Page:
Prominent American evangelical leaders called on their government, the United Nations and the Church on Monday to adopt a bolder, more aggressive plan to combat global poverty.
For too long, they acknowledged, U.S. churches have failed to advocate on behalf of their counterparts in the global South for stronger government commitment to poverty reduction in the world.
The Rev. Joel Hunter, senior pastor of Northland Church in Orlando, Fla., and a board member of the World Evangelical Alliance, explained that many evangelical churches have been "late to the table" on issues such as global poverty because they've been focused on personal morality.
"We've forgotten to address the larger issue of public morality," Hunter pointed out, "which is every bit as compelling and imperative biblically."
But now, a growing number of evangelical churches are beginning to understand that addressing poverty is part of the biblical mandate of loving one's neighbor, the leaders asserted.
"As these issues are being brought up more and more in conferences and events where a lot of pastors are gathered, there is a, I think, major change in the thinking of pastors," said Lynne Hybels, co-founder of Willow Creek Association – a network of more than 12,000 evangelical churches in 45 countries, and the author of Nice Girls Don't Change the World.
"They are opening their hearts and minds and realizing that as leaders they need to accept the role of educating their congregation about these issues and that is happening," she said. "I'm pleased to be able to say that is happening."
Likewise, Dr. Ron Sider, founder of the Evangelicals for Social Action and author of The Scandal of Evangelical Politics and Rich Christians in An Age of Hunger, agreed that evangelicals has made massive progress in terms of their concern for the issue of poverty.
He pointed to World Vision, a Christian humanitarian organization that 50 years ago was supporting a few orphanages in Korea. Now, the agency has grown to one of the largest relief organizations in the world with over $2 billion in annual donations.
Also, there are now dozens of multi-million dollar Christian charities working to address poverty, Sider added.
The teleconference featuring U.S. evangelical leaders was in response to an unprecedented letter sent by senior evangelical leaders from the global South in August.
Global South leaders had reminded their American counterparts of their responsibility to make advocacy part of global mission.
"[W]e have this against you, brothers and sisters, that along with this powerful announcing of the Gospel, the Church from the United States has not also raised its voice in protest against the injustices that powerful governments and institutions are inflicting on the global South," stated the letter sent to U.S. church leaders.
"[I]njustices that afflict the lives and ecosystems of millions of people who, centuries after the proclamation of the Gospel, still have not seen the sweat of their brow turned into bread."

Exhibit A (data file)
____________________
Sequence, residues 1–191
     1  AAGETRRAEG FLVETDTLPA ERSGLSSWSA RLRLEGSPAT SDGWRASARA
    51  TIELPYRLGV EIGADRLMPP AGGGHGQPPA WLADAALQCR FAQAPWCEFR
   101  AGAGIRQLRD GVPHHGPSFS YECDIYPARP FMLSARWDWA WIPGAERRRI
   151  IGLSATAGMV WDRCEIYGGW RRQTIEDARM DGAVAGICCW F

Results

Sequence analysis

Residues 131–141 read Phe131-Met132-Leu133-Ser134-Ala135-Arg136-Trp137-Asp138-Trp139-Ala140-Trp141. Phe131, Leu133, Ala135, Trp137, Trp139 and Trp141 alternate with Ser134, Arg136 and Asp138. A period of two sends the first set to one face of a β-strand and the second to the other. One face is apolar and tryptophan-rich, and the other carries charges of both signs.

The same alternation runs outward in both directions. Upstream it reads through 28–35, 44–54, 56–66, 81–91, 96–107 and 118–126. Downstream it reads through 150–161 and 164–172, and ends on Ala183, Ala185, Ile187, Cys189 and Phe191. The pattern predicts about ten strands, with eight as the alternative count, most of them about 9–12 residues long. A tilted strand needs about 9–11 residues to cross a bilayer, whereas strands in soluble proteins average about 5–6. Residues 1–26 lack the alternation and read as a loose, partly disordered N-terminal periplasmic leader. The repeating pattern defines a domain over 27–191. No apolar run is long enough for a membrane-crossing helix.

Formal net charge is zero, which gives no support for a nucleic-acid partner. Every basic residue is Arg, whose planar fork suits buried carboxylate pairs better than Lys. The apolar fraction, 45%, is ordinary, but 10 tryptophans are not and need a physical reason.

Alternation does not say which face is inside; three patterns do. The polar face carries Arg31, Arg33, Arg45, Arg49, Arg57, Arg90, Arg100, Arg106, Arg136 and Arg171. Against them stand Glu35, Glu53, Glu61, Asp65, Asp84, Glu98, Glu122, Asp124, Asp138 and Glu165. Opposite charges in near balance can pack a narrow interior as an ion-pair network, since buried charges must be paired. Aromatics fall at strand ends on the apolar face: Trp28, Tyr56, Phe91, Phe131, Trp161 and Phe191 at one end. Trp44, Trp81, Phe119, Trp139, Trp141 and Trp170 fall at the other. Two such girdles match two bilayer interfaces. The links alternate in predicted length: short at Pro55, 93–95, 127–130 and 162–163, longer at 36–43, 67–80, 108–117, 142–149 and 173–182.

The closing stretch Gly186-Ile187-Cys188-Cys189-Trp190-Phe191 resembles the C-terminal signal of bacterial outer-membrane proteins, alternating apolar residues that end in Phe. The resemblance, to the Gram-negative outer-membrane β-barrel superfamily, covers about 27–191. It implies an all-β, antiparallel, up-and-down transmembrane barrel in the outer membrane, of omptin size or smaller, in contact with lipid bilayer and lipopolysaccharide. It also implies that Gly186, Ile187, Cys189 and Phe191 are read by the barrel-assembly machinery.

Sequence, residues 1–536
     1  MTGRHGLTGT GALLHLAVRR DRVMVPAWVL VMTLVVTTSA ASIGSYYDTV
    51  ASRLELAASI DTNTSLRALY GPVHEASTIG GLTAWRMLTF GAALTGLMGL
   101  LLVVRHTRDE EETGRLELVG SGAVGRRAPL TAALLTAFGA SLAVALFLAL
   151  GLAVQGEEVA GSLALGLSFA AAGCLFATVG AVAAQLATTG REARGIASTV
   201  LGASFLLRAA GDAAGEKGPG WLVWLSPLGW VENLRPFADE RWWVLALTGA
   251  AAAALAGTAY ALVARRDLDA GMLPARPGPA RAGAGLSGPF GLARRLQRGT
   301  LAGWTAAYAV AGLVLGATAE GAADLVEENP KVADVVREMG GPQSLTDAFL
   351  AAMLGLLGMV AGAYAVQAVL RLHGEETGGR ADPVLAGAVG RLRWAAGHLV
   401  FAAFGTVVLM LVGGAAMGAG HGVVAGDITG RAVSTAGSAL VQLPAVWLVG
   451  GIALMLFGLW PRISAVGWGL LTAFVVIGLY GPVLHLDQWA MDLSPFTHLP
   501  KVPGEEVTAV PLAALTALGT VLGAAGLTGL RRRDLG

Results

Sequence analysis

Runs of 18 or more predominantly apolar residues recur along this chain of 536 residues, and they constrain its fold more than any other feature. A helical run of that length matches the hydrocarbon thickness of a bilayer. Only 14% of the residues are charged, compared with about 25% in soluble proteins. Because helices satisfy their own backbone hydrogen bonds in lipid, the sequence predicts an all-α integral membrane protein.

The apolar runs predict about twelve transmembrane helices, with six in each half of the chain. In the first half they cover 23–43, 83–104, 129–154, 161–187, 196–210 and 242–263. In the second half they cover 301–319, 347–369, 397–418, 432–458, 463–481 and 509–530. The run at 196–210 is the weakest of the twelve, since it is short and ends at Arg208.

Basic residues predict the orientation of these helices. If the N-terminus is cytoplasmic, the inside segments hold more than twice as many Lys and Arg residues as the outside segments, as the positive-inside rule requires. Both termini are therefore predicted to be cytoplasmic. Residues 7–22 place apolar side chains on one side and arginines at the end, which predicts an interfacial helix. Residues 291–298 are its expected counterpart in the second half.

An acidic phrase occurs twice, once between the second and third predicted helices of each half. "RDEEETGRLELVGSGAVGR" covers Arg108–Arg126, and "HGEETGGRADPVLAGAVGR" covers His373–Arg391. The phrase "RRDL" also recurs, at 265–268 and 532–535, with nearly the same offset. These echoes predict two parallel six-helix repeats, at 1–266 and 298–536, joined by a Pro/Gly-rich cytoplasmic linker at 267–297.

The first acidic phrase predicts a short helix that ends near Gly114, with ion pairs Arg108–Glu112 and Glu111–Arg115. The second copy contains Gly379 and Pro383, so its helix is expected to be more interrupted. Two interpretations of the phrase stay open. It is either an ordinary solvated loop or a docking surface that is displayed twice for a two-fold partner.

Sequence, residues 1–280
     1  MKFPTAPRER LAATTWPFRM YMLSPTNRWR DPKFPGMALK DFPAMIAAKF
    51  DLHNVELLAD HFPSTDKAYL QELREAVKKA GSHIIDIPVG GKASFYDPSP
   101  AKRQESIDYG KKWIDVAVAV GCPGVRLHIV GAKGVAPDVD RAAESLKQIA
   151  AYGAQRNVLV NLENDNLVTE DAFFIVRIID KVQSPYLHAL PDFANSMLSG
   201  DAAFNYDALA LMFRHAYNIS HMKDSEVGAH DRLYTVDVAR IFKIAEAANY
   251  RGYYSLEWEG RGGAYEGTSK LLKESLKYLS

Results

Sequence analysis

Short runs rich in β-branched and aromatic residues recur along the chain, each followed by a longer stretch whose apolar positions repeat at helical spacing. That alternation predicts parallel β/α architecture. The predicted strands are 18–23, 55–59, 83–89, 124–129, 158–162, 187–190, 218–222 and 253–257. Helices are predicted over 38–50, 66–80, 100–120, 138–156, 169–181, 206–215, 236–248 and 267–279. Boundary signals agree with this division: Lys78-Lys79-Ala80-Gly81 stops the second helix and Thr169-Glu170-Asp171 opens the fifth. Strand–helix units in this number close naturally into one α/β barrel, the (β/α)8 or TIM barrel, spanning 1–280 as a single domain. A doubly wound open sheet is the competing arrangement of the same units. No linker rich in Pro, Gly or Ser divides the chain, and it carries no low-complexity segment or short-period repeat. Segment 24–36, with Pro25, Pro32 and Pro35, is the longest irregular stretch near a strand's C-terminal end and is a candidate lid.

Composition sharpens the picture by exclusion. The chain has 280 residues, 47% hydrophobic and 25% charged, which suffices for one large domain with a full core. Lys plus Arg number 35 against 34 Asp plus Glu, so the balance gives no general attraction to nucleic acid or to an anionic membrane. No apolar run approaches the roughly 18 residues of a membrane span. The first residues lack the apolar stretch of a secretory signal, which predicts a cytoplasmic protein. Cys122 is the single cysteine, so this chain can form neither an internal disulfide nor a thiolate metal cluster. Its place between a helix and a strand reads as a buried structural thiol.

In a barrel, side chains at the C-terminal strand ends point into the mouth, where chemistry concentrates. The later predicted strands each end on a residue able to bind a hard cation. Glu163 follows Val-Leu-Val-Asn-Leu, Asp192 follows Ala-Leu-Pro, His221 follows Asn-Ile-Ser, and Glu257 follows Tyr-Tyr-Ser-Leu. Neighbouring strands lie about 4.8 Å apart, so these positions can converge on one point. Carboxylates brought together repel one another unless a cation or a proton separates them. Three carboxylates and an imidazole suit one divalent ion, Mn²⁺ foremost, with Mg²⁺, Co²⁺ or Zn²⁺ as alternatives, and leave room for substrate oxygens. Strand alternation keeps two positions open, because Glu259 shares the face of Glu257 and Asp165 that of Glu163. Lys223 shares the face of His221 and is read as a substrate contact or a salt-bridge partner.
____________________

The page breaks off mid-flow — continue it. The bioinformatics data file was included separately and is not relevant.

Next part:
Leaders from the global South lamented that despite the promises from the United States and 191 other nations to cut extreme global poverty in half by the year 2015 through the eight Millennium Development Goals (MDGs), there have been little overall progress towards fulfilling the commitments.
"And so we ask you as sisters and brothers, citizens of the wealthiest most powerful nation on earth, to publicly challenge your candidates and political leaders – now and after the elections are over – to lead the world in the struggle to cut global poverty in half by 2015," they pleaded.
"If you who know the Truth will not speak for us who will?"
The global South letter was released just ahead of the U.N. General Assembly's meeting on Thursday to review progress on the MDGs.
During the teleconference, evangelical leaders from the United States and the global South emphasized that church advocacy is even more critical now as the U.S. and the world struggle to overcome the financial crisis. Amid this difficult time, they noted, it is easy for governments to forget about the world's poor.
"The Church in the United States has the opportunity today to be faithful to the Hope that it preaches," the global South letter stated. "We urge you to remember that the Hope to which you were called as a messenger demands that you seek first the Kingdom of God and God's justice."
Others that participated in the teleconference included the Rev. Richard Cizik, vice president for governmental affairs of the National Association of Evangelicals; the Rev. Samuel Rodriguez, president of the National Hispanic Christian Leadership Conference; Dr. Jo Anne Lyons, founder of World Hope International and the first female General Superintendent of The Wesleyan Church; and Lawrence Temfwe, national facilitator of Micah Challenge Zambia.
The teleconference was organized by Micah Challenge, which was created by the World Evangelical Alliance.
Micah Challenge is a campaign that seeks to make advocacy for the poor part of church mission.
Currently, organizers are gathering signatures from the public and from evangelical leaders for a letter that will be sent to both major presidential candidates, urging them to commit to a bolder strategy to fight global poverty. The slated date for the delivery of the letter to the candidates is Oct. 22.
On the Web: http://www.micahchallenge.us